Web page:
'Grave concern' over Chinese teachers reportedly killed by ISIS in Pakistan
Posted June 9
China has expressed "grave concern" over reports that ISIS has killed two Chinese teachers kidnapped in Pakistan.
The man and woman, said by Chinese media to be a couple, were kidnapped by armed men on May 24 from the city of Quetta, the capital of Pakistan's Balochistan province, on May 24 on their way to teach a Chinese language class, a senior security officer told CNN last month.
Amaq, a news agency affiliated with ISIS, said Thursday that Islamic State fighters had killed two Chinese teachers who were being held in the Mastung, Balochistan. The group also released a video, which showed two bodies shot and bleeding on some grassy ground.
"China resolutely opposes all forms of kidnapping of civilians and opposes all forms of terrorism and extreme acts of violence," said Hua Chunying, the spokesperson for China's Foreign Ministry, in a statement on Friday.
The deaths underscore the risks of China's growing international reach and influence. The Global Times, a state-run tabloid, said that guarding Chinese nationals overseas had become a new and serious challenge for national security.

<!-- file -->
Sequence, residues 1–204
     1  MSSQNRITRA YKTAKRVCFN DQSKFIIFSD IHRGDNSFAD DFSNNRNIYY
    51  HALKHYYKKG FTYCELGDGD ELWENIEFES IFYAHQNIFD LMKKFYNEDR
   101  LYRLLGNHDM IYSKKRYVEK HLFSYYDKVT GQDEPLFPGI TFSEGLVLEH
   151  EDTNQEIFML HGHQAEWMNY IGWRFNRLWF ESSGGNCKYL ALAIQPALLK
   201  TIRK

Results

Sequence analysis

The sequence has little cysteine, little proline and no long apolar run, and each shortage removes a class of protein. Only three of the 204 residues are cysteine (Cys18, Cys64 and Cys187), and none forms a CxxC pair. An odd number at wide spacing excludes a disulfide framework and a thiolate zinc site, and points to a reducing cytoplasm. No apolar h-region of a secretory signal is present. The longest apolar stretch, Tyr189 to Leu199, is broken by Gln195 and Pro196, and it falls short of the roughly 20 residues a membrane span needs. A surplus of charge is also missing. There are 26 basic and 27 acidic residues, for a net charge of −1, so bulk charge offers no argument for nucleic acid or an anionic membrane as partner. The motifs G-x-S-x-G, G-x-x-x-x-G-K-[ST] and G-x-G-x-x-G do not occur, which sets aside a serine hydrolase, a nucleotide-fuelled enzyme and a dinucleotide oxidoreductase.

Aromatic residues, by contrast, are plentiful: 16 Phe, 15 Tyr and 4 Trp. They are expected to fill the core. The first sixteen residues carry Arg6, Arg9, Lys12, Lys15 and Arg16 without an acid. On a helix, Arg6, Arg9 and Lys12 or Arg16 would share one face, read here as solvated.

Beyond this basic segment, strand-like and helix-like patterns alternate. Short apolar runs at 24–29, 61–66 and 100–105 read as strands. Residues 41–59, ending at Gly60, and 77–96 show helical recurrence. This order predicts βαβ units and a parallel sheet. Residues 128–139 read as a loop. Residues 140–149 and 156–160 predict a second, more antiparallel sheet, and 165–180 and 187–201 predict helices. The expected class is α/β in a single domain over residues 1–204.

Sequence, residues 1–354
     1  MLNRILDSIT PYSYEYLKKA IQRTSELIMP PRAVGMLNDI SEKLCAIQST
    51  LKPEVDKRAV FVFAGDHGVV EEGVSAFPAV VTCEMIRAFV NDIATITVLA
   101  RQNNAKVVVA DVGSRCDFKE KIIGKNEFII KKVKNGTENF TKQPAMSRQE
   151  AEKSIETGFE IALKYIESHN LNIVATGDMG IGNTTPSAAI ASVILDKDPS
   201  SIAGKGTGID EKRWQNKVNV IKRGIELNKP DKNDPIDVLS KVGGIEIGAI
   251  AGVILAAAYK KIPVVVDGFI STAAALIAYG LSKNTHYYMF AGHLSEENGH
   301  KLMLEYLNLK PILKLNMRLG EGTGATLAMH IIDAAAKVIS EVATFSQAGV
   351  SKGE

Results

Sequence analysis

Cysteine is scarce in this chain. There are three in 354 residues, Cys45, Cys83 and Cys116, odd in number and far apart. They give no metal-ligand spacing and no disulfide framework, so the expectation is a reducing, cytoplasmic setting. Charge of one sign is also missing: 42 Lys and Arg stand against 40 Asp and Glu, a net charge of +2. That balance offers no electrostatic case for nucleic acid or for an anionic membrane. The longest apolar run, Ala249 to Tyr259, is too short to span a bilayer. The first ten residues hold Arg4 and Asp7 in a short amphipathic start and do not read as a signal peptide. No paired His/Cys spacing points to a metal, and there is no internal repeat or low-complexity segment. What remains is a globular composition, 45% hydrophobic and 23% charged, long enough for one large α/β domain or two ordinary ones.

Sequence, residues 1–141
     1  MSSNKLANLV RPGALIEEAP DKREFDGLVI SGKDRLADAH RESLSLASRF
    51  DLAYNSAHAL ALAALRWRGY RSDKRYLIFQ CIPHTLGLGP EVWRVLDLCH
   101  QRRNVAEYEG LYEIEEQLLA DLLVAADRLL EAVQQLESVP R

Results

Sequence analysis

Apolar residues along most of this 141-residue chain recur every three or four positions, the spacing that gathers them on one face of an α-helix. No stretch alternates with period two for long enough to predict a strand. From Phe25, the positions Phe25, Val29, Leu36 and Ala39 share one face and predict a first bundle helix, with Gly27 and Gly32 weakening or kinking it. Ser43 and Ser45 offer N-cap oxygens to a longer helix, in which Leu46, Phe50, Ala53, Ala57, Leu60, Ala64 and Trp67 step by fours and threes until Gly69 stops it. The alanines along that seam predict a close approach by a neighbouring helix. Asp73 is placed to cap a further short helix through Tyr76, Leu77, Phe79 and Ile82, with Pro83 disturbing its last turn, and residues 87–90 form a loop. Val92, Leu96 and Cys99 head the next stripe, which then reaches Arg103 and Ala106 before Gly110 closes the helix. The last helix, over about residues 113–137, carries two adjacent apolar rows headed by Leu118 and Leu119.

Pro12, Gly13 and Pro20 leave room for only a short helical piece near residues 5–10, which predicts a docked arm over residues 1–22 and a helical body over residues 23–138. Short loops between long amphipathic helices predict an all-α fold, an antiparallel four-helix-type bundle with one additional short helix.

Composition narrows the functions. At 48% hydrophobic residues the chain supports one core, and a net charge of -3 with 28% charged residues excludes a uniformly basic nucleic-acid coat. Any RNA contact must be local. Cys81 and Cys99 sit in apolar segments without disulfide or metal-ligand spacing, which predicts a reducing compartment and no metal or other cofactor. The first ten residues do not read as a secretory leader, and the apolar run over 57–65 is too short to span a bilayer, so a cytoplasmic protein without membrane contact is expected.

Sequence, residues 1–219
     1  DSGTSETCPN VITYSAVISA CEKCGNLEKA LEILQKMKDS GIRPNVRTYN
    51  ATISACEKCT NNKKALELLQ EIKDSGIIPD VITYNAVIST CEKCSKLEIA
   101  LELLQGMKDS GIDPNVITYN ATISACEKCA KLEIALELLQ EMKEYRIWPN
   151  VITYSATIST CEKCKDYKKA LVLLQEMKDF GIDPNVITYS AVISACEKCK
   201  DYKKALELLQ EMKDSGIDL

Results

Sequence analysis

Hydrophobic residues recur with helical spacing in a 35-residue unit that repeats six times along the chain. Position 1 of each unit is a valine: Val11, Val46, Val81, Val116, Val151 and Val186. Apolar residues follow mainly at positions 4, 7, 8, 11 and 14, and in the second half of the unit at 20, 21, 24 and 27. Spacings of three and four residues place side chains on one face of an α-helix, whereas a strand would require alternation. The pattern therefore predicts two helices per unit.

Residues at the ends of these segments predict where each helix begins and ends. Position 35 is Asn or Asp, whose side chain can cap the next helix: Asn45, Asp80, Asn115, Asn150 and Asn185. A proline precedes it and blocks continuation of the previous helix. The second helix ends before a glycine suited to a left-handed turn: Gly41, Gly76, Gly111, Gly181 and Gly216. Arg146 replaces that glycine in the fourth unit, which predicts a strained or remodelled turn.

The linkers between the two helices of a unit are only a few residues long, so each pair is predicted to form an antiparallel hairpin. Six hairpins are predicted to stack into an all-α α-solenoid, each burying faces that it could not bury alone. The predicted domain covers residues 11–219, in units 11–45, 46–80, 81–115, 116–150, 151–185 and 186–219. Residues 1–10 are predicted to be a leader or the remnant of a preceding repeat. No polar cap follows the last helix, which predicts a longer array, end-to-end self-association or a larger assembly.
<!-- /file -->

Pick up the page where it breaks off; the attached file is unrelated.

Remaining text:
"As China's international influence is growing, terrorist organizations target Chinese for ransom or just to create a sensation. Cases of Chinese being kidnapped have increased," the paper said in an editorial.
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Chinese nationals have settled in Pakistan in greater numbers since the announcement of a $46 billion investment plan known as the China-Pakistan Economic Corridor (CPEC) in 2015 -- part of China's One Belt One Road initiative.
"Given Pakistan's complex security situation, both sides need to study and formulate a more comprehensive security plan to fully cover Chinese in Pakistan," the Global Times added.
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Hua said authorities had been trying to rescue the hostages.
Pakistan's military said Thursday that its security forces conducted an operation from June 1 to 3 in Mastung, where it said it killed 12 terrorists with links to ISIS that had been hiding in caves but didn't mention the abducted Chinese teachers.
It hasn't responded to the reports that the two Chinese hostages have been killed. Pakistan's Foreign Ministry also didn't immediately respond to a request for comment.
Balochistan is home to the Gwador Port Complex, a flagship project of the economic corridor, but has been plagued by violence by different militant groups including the Pakistani Taliban and a separatist movement.
Pakistan views CPEC, a combination of infrastructure projects ranging from road networks, a fiber optic cable project, railway lines, a deep-sea port, coal mines and solar farms, as a huge opportunity to develop its economy.
Pakistan is home to roughly 20,000 Chinese, according to Mustafa Hyder, chief executive of the Pakistan-China Institute.